The future of Diversity and Inclusion. Will DEI die?

by Apr 30, 2024

The Future of Diversity and Inclusion

 

Headlines now suggest that DEI will die. Are they valid? What is the future of diversity and inclusion?

 

I have been involved in DEI before it was a thing and even called that.

It was about anti-discrimination, bullying, and harassment to give equal opportunity. We are supposed to have legally protected demographics in the E.U. and other geographies which is not always successful.

The US movements following METOO and #BlackLivesMatter, accelerated the momentum of DEI and many initiatives became mainstream globally. Racial equality took centre stage in the many new corporate policies organisations launched. But other groups of underrepresented talent will be impacted by cutbacks, specifically less physically able, neurodiverse, and older workers.

Predictably, like any major cultural and organisational shifts where the processes are cyclical, we see pushback from previously privileged groups who feel potentially excluded. Google, Meta, Tesla, and other household names have cut their budgets and or their teams.  

Headlines now suggest that DEI will die. Are they valid? What is the future of diversity and inclusion?

the future of diversity and inclusion

Different context, same problem?

Although we don’t have the same cultural context in Europe, there is still a degree of volatility. Do we have lessons to learn from the US experience?

Some of these challenges are well captured in this HBR post by Kenji Yoshino and David Glasgow

Examples of the practices they list as “risky” are being increasingly adopted in Europe. leaders are adopting quotas and bonuses related to DEI goals for example.

Their approaches propose not “lifting” certain groups above others, but rather “leveling” the playing field for everybody. They suggest;

✔️ “Conduct employee education or training on topics such as bias, allyship, or inclusive leadership.” Certainly, we see a reframing of that idea in Europe where organisations deliver many traditional training programmes through the lens of inclusion.  Unconscious bias training always tends to get resistance because it is a topic that is personally triggering for so many.

✔️”Create a more physically inclusive office environment, for example through all-gender bathrooms, nursing rooms, or child-care facilities” This can go much broader to cover all forms of accessibility including accommodations for the neuro-diverse and physically less able.

✔️Conduct outreach to a broader range of colleges to attract a more diverse candidate pool.” That in itself is non-inclusive – many don’t go to university but could have the necessary skills. We need to focus on making our recruitment processes more diverse and inclusive to widen our talent pool.

✔️Support community organisations focused on DEI issues, for example through pro bono work and philanthropy.” This is always a good idea, anywhere.

European initiatives

Many US trends like Mcdonald’s cross the Atlantic. Will this be one of them? It’s hard to know if we will be impacted by vocal resistance to dial back and weaken our initiatives.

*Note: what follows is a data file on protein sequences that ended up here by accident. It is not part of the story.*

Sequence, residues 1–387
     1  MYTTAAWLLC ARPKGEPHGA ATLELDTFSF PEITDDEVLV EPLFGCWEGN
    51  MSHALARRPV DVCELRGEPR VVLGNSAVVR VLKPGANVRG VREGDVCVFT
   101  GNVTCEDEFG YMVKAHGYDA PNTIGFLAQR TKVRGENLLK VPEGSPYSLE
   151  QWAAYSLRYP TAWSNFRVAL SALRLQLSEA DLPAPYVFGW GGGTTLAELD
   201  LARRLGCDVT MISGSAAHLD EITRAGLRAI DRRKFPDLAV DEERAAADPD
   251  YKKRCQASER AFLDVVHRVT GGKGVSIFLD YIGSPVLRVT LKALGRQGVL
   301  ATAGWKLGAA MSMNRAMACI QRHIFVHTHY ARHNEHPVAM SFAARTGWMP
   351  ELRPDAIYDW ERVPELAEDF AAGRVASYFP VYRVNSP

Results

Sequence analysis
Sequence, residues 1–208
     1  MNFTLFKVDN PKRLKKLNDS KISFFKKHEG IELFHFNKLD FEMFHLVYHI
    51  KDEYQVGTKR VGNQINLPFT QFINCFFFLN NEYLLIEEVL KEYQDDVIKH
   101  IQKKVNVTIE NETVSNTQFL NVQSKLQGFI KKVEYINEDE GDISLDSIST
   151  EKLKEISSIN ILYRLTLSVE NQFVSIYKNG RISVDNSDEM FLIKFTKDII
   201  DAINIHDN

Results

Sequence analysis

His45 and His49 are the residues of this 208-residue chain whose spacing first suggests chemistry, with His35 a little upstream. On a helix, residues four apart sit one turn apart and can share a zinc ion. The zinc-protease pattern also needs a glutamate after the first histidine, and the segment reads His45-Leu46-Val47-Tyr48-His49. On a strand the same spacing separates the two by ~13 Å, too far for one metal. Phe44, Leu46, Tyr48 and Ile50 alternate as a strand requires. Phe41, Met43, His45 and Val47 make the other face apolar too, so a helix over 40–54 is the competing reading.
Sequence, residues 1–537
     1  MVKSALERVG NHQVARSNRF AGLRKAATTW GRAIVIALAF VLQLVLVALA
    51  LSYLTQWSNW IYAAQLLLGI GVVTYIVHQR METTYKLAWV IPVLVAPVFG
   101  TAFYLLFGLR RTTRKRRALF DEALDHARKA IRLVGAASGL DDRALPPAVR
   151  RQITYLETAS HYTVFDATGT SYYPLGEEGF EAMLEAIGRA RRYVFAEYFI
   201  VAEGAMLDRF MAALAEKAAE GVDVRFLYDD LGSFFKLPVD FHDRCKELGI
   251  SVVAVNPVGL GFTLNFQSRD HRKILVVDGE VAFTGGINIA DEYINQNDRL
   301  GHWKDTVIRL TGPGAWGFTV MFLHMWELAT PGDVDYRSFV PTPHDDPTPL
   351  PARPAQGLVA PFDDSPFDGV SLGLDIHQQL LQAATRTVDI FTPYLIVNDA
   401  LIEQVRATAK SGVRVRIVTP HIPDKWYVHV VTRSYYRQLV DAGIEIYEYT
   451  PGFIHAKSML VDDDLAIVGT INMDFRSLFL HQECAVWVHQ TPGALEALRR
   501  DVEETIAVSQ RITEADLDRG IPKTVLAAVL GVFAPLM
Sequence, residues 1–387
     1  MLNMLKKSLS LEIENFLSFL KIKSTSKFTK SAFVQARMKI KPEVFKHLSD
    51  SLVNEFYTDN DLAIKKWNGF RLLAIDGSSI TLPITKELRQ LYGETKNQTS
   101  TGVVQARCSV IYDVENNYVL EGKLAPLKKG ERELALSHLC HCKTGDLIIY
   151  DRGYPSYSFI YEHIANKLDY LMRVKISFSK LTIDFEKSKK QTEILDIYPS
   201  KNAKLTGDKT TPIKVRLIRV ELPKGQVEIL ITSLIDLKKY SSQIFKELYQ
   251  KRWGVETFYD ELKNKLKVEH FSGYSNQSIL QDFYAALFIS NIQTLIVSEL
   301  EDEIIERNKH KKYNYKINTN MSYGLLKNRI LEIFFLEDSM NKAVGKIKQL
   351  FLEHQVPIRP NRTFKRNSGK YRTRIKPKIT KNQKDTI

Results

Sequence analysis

In the U.S organisations have made significant. cutbacks in DEI either axing budgets or people. In the face of growing legal action in his own company Tesla,  Elon Musk claims that DEI is creating more discrimination than it is addressing calling it a “woke mind virus.”  For Musk DEI is “just as morally wrong as any other racism and sexism,” he tweeted (or X’d) in December,  a shift in his original position..

The MeToo movement and George Floyd’s murder stimulated diversity and inclusion in the US, and the need for change. But DEI is a cultural transformation that takes time and in many cases the people responsible for the implementation are the same group who are likely to be most resistant.  They fear they have something to lose.

Performance Gap

In response to these issues, we see a performance gap, separating two types of organisations. On the one hand, there are those who follow performative, box-checking measures that make no real difference. Everyone wants change, as long as they don’t have to change themselves.

On the other side, mature organisations that take the time to pursue genuine policies of diversity and inclusion will see results over time. They understand that long-term commitment is needed and a quick fix in response to shareholder demands will not make it happen overnight. They will be successful in attracting and retaining the best talent and meeting client and customer demands.

Download: 12 key steps to attract, recruit and retain female talent – 3 Plus International

The future of diversity and inclusion is not at risk, but it is in danger of shooting itself in the foot if organisations don’t fully commit to complete long-term implementation. So yes, the future of diversity and inclusion is assured but that doesn’t mean to say that progress will be easy or fast.

 

If you are struggling with these issues within your organisation or personally contact 3Plus NOW

 

 

Dorothy Dalton Administrator
Dorothy Dalton is CEO of 3Plus International. A specialist in diversity and bias conscious executive search, she supports organizations to achieve business success via gender balance, diversity and inclusion. She is CIPD qualified, and a certified coach and trainer including digital learning.
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